We’ve heard of skin serums, and can attest to how they’ve transformed our (somewhat ageing) skin to look more glowing, youthful and smooth. But what about hair serums — are they a marketing ploy or something our hair is actually screaming out for?
As we enter a new year, the indulgences of December will be catching up with us. Dull skin, lifeless hair and a few pounds to lose. Getting back to normal is what January is all about and the best way to do this is catch up on sleep, eat better and treat yourself to a few decent products.
If you want to help your hair out, you might want to check out a bottle of hair serum. But what does hair serum do? For anyone with dry, frizzy hair — hair serum is a godsend. This product transforms your hair from dull and unkempt to shiny and manageable in an instant. It helps you get the salon look — (still can’t quite figure how my stylist can get my hair *that* shiny and smooth) — in the comfort of your own bathroom.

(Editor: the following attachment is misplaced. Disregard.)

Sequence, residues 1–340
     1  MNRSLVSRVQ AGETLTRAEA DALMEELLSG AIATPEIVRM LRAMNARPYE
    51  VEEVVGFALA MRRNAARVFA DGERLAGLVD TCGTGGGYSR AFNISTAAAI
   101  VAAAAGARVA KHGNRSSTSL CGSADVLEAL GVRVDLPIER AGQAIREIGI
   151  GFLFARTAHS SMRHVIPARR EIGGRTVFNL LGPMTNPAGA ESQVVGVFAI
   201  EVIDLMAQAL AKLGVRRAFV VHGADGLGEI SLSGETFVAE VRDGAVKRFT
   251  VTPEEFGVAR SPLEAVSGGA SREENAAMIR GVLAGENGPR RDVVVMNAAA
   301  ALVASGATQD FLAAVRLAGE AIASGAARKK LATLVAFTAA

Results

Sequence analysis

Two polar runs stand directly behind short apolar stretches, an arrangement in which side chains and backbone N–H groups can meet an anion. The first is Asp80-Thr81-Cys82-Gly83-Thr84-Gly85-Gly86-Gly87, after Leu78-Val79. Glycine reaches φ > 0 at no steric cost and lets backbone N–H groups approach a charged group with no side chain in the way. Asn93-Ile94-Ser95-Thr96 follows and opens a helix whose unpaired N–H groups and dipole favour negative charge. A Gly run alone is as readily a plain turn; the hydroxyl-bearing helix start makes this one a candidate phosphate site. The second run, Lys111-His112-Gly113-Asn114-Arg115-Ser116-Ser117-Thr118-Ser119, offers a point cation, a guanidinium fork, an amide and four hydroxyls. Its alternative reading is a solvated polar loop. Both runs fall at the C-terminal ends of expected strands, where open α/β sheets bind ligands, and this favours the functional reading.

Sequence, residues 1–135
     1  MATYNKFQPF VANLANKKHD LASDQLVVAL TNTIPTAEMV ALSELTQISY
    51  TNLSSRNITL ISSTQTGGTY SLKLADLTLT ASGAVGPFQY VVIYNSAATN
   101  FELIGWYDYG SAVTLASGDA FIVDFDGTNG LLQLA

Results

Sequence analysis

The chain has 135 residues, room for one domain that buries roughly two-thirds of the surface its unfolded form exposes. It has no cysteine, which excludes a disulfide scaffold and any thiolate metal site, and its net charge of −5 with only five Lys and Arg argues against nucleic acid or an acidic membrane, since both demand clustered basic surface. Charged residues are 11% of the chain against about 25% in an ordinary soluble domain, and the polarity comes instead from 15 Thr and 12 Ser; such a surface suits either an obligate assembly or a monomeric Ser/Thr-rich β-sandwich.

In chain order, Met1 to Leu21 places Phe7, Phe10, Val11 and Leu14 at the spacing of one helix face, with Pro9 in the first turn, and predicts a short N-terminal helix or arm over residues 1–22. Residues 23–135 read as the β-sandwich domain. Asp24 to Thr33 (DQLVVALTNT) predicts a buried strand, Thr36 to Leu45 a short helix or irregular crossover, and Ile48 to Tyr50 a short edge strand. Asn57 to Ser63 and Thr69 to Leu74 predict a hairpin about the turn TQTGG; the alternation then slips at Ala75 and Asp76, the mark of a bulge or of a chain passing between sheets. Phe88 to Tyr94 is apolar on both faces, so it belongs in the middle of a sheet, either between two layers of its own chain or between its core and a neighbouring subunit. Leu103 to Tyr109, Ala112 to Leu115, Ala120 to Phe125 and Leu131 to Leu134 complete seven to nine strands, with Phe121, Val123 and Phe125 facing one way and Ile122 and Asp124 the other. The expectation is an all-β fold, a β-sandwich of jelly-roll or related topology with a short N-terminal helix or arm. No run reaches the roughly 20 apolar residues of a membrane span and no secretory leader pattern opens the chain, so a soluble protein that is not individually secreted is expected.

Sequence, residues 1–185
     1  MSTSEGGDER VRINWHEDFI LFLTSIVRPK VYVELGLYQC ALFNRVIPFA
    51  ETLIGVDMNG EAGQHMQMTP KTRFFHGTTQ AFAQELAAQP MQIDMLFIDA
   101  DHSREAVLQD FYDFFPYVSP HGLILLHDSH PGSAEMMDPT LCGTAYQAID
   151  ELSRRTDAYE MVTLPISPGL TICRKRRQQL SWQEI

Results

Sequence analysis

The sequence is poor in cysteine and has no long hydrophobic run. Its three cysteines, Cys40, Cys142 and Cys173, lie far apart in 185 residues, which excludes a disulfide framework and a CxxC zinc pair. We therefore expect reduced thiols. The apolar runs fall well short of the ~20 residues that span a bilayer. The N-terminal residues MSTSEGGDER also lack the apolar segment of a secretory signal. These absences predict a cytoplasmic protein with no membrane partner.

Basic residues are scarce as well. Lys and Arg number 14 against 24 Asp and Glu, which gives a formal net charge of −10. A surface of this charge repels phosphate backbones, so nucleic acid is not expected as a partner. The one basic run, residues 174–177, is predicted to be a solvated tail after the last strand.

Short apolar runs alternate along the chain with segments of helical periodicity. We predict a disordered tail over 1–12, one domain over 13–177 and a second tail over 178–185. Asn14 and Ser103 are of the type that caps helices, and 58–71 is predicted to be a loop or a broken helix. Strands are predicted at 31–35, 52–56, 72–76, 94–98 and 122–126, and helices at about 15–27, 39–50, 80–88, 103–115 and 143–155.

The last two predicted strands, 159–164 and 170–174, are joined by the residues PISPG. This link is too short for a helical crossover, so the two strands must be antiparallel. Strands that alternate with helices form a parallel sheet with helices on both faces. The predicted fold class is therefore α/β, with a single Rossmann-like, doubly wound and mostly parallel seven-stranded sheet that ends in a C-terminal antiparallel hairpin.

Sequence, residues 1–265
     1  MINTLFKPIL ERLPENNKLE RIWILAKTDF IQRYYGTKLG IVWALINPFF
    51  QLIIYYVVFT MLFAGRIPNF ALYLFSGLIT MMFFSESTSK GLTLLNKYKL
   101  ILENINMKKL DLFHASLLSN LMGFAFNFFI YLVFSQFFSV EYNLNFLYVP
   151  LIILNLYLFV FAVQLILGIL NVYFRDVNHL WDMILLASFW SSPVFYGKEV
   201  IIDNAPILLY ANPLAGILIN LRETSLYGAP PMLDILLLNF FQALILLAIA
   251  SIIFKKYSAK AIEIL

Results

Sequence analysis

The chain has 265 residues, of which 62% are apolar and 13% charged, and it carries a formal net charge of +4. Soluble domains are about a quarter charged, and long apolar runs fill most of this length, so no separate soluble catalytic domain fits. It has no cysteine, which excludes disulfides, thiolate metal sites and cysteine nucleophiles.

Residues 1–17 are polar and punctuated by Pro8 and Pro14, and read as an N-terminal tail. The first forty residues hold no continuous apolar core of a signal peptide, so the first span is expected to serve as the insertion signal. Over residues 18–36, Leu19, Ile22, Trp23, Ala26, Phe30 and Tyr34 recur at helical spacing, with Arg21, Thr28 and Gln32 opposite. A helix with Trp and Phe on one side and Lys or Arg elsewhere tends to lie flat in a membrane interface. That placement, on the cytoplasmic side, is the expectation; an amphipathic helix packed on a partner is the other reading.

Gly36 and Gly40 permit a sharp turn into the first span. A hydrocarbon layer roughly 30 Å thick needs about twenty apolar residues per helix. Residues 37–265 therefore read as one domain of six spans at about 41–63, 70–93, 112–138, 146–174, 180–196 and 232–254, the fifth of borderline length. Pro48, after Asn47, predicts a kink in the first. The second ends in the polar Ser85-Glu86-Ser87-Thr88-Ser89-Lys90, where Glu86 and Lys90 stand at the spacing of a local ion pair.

But how does it work? Hair serums are generally silicone-based, which means they coat the surface of the hair. This allows the hair strand to reflect more light so it looks far more lustrous than before and protects it from external factors such as dust, heat and humidity. It is the lubrication provided by the liquid which helps untangle hair making it manageable.
One of our best hair serums, Davines Naturaltech Energizing Superactive, is a hair serum for thinning hair, fragile hair or reducing hair loss.
This product combats hormone-related hair loss, androgenetic alopecia and the hyper-production of sebum, which may be associated with it. Hair grows healthier and stronger, the scalp has more tone and lower sebum production. This is a Naturaltech product.
And it’s mega simple to use. After shampooing, spread 3 gr. of product evenly over the scalp and massage in until completely absorbed. Do not rinse off. Intensive treatment: every other day for 1 month. Maintenance treatment: twice a week for 2 months.
Natural active ingredients:
- Black cohosh – fight against androgenetic alopecia.